Tooth(less) Tarot

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I had a wisdom tooth removed on Monday. I had been putting it off for a long time, five years in fact, on the principle of letting sleeping teeth lie, and following a r-a-t-h-e-r lengthy, nasty and in fact cack-handed previous extraction that left with me with mild parasthesia lasting a year and a half, haunted by a mental picture of a fractured jaw and maybe total and permanent facial paralysis next time.

Anyway, the tooth began to show signs of giving trouble in March and I decided next time I saw my lovely dentist, Catriona, in April, I would instruct her to just go for it and do the deed. She’d been a bit anxious about the tooth for some time, tactfully tending it at check-ups while awaiting my ‘green for go’.

We’d agreed we wouldn’t agree when to do it. We wouldn’t pencil the extraction in ahead of time. Some time when I came in, I’d just tell her to take it out right now and we’d go for it, thus sparing me a wait with the appointment looming like some little Sword of Damocles. She is what I call a properly skilled and emotionally intelligent medical professional.

But *gulp* how would it go this time? The day before my appointment, marked in as a check-up only, I pulled a single Tarot card and drew The Queen of Swords from my Universal Waite deck. Here she is, by kind permission of U.S Games Systems.

Queen Swords Universal Waite

Here are the book meanings for this card: The Widow, or necromancer. This card symbolises independence, at its best. Power, intelligence, tactical thinking. The ability to streamline a problem, and find the solution without fuss. At worst, The Queen of Swords can represent isolation, depression and cruelty.

I looked at her and thought, hello there, Catriona. So many times in the past, when this card has shown up in readings for others, it has represented, literally, a woman doctor, dentist, surgeon or lawyer.

Here she was, and on fighting form. Here I was too, another Queen of Swords in the sense that I had made my mind up and Swords is the suit of decision-making.

I put the card back into the deck, shuffled and pulled another card.

And I drew The Queen of Swords again. The card had come up dignified (right way up) and not ill-dignified. I therefore decided it would be fine this time, as done by Catriona.

I took homeopathic arnica 6 beforehand, and afterwards to reduce swelling. It works.

And, a little esoteric detail for those interested in these sorts of associations, the moon was a waning gibbous moon (click the link to view) So much the better for an extraction, some would say, who study these things.

One smooth, though startlingly forceful tug, numbed to the gills, just one, and it was farewell to the devilish dentition, and with no nasty aftermath, either.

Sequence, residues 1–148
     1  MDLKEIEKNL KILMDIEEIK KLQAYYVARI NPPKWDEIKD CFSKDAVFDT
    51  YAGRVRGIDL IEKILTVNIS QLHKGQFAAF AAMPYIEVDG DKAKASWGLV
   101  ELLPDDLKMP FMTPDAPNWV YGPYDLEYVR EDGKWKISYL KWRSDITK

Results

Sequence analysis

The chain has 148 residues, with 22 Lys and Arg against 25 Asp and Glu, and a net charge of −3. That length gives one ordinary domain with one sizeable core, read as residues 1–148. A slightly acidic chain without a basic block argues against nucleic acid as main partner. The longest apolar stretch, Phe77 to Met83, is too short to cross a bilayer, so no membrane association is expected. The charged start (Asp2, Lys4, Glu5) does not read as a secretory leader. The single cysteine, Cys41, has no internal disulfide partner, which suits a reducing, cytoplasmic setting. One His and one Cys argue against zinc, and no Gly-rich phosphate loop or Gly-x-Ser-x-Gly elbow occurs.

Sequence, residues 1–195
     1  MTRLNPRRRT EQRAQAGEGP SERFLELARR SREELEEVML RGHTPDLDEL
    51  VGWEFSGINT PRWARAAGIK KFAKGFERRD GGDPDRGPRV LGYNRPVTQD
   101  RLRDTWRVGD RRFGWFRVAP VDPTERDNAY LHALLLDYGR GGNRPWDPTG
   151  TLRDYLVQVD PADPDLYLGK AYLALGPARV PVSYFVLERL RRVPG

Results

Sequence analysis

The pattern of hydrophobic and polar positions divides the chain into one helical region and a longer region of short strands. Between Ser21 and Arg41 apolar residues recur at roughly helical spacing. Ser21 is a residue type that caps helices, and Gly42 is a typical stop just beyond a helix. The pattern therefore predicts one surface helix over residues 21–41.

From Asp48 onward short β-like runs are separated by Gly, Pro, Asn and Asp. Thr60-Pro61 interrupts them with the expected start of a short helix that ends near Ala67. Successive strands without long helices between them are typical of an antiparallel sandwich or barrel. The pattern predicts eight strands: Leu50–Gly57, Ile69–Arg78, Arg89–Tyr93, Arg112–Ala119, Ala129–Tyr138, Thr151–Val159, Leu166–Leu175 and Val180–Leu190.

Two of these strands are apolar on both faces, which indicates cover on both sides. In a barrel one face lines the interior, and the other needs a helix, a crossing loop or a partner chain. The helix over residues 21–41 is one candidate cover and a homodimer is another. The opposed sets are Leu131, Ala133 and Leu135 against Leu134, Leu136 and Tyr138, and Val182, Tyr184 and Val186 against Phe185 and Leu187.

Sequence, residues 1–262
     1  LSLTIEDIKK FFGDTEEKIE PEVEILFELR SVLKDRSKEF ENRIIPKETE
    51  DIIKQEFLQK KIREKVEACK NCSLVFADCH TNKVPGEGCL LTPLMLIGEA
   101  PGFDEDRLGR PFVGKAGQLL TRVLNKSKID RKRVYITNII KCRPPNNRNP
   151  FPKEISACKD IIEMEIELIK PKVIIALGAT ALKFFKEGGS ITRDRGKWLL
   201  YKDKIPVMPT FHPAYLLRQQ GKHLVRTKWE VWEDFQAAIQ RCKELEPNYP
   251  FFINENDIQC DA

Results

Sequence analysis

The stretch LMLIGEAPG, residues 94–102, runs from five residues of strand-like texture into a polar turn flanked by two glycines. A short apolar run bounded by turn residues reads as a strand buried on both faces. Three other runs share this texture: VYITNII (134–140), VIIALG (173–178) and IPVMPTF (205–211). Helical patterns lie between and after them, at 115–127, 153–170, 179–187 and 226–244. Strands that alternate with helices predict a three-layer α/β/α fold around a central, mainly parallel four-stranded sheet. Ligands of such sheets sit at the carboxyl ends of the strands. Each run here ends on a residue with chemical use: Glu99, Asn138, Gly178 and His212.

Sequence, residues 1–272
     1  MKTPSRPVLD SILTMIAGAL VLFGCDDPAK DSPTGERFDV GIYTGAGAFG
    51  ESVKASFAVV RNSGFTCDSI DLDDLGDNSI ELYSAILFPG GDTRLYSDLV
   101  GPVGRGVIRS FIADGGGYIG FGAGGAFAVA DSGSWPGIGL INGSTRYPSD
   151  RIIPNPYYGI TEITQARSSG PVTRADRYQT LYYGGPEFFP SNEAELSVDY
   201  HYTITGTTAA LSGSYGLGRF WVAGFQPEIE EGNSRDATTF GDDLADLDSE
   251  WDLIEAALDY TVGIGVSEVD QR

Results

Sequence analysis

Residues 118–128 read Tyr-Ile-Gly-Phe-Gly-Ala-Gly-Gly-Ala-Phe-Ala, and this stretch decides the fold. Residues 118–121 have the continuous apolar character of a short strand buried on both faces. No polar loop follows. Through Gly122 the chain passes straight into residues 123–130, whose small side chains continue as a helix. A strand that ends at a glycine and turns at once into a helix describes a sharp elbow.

Il Matrimonio said how lucky I was, lamenting only that my mouth couldn’t stay numb for three months and not three hours, thus earning himself a swipe to the head, and I think that he too, was lucky.

All hail to the Queen of Swords.

 

Until next time 🙂

 

 

 

 

The Tarot and The Tooth.

I had a dental appointment coming up at the hospital. An extraction. Uh Oh.

I was dreading it. But it was another chance to put  tarot to the test just for myself.

By law, tarot readers may not offer medical advice to clients. But many cards in the Tarot do relate to physical health as it is such an important part of life.

Readers may use that capability for themselves, may they not.

I asked the cards, was the dentist was going to do a good job me on the appointed date, and I drew the Page of Coins Reversed.

This card, I felt, represented the doomed tooth.

The Page of Coins, The Golden Tarot, Kat Black.

And I drew the King of Swords.

The King of Swords from The Golden Tarot (Kat Black)

This stern king represents the concept of the expert, the authority figure.

He has strong associations with the Law, Science and Maths, Music, and Medicine, especially Surgery.

Thus a King of Swords can represent a doctor or dentist, the Queen of Swords if the doctor or dentist is female.

It was a good card to draw, in the circumstances.  This dentist was going to be on good form. I felt reassured.

 And how did it go on that occasion? Well, the dentist really was a

King of Swords

He even looked like one, except that he had a beard and smiled a lot. The extraction went smoothly. 

What would I have done had I drawn ‘bad’ cards:  For example; in this contect, these might have included:

King of Swords Reversed, Page of Swords Reversed, Ace of Swords Reversed,  Temperance Reversed, The Moon, Tower etc?

Well,  would have looked at it again, to clear the decks of my emotional projection that might be clouding the hard information I was trying to reach. Had I drawn a strong negative response three times in a row, I would have considered changing the appointment day, and hopefully, avert trouble and improve the outcome.

Does this mean I can always avoid a bad experience? Of course not.

On another occasion, I decided not to look in the Tarot. A wisdom tooth had to come out. That was that. I decided not to risk frightening myself. I would just experience it in the normal way and it was a ghastly experience. A nerve was damaged, leaving me with local parasthesia for 18 months. Had I ‘looked’ beforehand, I could have declined the appointment and re-tested with the cards against a new appointment.

But,  prescience is not omniscience,  Divination is of itself not magic, or magick, and Life is not all roses.

This is the risk of consulting with oracles. You might hear something you don’t like, and wish you had just found out at the time, without the forewarning, and then you wouldn’t have had the worry as well.

‘Sufficient to the day is the evil thereof.’ 🙂

But sh*t happens. And you might equally say, ‘forewarned is forearmed.’